[ 247 Pa. Super. Page 198364]
A.2d 483 (1976), requires that we remand appellant's claim of ineffective assistance of counsel for an evidentiary hearing. Commonwealth v. Twiggs, 460 Pa. 105, 331 A.2d 440 (1975).
SPAETH, Judge, concurring and dissenting:
I agree with the majority's disposition of the appeal from No. 608, but I suggest that the remedy chosen in the appeal from No. 607 is both inappropriately drastic and quite unnecessary.
There well may be reasons why "the lower court cannot . . . comply with our requests and the mandate of Superior Court Rule 50," Majority Opinion 247 Pa. Super. at 192, 372 A.2d at 3, i. e. to forward us a transcript of the notes of testimony at trial. However, there is nothng in the record to show either that there are such reasons, or what they are. In these circumstances, the majority's decision to order a new trial penalizes the prosecution, which may lose the new trial, when, for all we can tell from the record, the fault lies not with the prosecution but with the lower court.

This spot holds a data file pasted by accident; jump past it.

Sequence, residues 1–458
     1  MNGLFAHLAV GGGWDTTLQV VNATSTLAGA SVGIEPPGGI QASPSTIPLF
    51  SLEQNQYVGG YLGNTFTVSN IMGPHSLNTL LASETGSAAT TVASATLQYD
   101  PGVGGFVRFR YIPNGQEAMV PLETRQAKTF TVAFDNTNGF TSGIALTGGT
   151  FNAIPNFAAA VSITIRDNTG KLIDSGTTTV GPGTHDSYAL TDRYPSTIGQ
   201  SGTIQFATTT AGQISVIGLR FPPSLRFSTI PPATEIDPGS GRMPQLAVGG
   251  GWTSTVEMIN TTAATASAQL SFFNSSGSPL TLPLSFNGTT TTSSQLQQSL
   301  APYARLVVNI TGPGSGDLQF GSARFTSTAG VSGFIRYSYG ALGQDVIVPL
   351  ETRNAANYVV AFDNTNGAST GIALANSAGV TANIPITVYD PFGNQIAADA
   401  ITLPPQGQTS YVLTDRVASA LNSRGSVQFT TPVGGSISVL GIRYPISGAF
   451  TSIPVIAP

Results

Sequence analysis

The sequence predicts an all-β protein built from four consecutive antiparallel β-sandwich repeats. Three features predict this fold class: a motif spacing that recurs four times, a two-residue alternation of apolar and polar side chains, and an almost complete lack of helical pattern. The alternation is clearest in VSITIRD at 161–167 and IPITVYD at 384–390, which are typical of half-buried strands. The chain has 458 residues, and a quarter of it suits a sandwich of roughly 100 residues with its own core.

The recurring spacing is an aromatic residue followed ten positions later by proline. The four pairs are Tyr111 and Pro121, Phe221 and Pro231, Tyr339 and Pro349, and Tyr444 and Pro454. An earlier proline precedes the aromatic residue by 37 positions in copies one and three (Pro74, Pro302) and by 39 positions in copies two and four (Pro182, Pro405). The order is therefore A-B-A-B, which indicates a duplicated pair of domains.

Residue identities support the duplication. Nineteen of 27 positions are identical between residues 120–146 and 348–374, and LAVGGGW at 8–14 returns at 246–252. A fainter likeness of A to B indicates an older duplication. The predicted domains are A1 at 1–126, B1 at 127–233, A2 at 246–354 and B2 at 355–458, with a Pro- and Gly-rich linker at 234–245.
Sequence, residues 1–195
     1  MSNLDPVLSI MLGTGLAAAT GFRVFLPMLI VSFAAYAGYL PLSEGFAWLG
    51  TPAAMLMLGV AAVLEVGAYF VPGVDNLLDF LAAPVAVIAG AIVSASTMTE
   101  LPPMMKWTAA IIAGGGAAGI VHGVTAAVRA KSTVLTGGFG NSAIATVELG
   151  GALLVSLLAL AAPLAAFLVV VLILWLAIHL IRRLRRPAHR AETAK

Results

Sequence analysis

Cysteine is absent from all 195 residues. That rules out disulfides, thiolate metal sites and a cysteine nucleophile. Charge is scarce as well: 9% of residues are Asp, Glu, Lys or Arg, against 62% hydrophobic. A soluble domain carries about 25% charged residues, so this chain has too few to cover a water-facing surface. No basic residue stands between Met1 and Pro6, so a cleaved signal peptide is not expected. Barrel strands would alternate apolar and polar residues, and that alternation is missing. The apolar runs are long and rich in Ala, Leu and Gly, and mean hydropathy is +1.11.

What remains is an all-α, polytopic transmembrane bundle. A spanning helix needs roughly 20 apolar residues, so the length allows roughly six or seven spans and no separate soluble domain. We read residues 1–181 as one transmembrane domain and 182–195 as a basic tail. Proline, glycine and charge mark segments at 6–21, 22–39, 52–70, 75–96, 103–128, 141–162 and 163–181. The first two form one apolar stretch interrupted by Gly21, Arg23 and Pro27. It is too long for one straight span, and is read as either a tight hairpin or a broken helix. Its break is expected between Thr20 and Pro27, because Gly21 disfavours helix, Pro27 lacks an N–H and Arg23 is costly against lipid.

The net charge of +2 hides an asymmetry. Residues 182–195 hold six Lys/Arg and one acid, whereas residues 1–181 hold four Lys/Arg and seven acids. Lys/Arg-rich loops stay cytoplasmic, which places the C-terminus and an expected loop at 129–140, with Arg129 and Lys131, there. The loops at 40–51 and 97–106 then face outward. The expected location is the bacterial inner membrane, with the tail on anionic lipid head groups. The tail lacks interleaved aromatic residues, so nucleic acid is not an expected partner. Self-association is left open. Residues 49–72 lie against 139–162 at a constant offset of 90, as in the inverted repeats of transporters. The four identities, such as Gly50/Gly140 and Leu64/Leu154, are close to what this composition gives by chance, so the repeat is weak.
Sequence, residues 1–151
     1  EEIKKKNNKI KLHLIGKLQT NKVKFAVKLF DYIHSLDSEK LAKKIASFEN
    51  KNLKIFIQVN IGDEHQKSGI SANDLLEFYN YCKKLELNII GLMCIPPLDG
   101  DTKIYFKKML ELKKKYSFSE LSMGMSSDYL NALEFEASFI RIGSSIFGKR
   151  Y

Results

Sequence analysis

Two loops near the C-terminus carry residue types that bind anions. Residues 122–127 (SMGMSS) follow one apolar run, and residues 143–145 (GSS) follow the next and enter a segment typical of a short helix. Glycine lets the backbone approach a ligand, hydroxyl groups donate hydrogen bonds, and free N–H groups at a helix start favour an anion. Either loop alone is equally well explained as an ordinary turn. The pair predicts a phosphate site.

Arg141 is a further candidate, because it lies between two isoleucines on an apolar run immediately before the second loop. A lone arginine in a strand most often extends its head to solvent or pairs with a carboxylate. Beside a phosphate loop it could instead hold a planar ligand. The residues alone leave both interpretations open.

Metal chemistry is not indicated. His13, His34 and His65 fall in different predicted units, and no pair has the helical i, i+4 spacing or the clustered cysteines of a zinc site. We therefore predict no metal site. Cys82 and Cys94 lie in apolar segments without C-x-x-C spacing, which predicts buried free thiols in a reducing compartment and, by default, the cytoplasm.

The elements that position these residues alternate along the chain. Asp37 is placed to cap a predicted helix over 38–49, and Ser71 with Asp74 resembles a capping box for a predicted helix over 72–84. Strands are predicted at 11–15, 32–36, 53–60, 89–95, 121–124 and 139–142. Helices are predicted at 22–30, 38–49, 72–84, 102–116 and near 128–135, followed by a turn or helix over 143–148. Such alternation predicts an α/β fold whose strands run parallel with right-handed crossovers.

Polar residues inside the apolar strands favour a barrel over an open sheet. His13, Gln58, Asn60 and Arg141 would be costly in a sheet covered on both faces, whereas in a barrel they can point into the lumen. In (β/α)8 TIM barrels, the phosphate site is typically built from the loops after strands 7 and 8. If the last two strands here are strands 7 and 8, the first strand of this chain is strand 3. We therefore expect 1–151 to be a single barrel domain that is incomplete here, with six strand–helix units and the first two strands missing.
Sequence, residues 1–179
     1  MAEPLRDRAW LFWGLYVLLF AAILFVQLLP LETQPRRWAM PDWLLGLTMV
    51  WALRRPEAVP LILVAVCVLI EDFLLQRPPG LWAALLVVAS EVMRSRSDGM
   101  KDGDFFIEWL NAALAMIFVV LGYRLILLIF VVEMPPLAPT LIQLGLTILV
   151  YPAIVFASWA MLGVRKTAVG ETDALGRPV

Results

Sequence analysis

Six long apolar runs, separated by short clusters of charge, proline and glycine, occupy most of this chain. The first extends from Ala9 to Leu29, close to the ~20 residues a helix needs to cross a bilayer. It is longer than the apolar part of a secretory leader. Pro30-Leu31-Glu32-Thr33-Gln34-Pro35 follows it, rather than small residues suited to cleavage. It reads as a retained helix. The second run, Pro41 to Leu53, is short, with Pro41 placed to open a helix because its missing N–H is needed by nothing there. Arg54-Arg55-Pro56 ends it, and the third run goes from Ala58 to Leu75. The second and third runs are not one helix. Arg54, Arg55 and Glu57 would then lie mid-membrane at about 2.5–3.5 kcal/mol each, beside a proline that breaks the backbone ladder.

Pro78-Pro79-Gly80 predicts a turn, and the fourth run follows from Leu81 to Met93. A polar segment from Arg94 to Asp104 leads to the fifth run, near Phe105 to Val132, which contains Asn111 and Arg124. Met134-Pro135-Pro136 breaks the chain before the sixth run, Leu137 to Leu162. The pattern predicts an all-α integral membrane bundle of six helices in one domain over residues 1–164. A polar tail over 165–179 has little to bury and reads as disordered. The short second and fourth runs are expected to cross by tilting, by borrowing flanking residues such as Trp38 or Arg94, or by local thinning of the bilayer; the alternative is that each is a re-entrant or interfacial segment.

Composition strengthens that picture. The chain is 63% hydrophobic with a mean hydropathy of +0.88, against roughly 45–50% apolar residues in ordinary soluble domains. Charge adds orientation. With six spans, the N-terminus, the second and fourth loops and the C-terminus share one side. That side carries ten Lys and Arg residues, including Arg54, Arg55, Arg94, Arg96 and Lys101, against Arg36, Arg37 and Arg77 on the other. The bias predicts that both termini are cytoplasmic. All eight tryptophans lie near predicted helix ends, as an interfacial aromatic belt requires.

This is not a case like Commonwealth v. Goldsmith, cited by the majority. There, trial counsel made repeated requests but never received a full transcript; substantial and pertinent portions of the testimony were never transcribed because the stenographer became ill and later died, and other stenographers were unable to transcribe the notes of the deceased stenographer. Nor is this case like Commonwealth v. DeSimone, 447 Pa. 380, 290 A.2d 93 (1972); there, no "equivalent 'picture' of what transpired below," Commonwealth v. Anderson, 441 Pa. 483, 493, 272 A.2d 877, 882 (1971), could be reconstructed, because the judge who presided at the trial was dead, defense counsel no longer was practicing in the Commonwealth, the prosecutor testified that he had no independent recollection of the case, and the judge's court reporter testified that she did not recall whether or not she was present at the trial.
Goldsmith and DeSimone involved appeals from PCHA proceedings, which explains how the Supreme Court knew
[ 247 Pa. Super. Page 199]
why transcripts were not available. The present case is on direct appeal. This distinction, however, does not compel the majority's result. By analogy to the procedure used when a claim of ineffective trial counsel is raised on direct appeal, Commonwealth v. Twiggs, 460 Pa. 105, 331 A.2d 440 (1975), we could remand for a hearing at which an attempt could be made to reconstruct the record. If reconstruction were not possible, as in DeSimone, the hearing would tell us why.
This suggested procedure would be necessary only if the lower court is unable to have the notes of testimony transcribed. Accordingly, I would remand for completion of the record by addition of the notes, with the alternative that if that were not possible, the suggested procedure should be followed.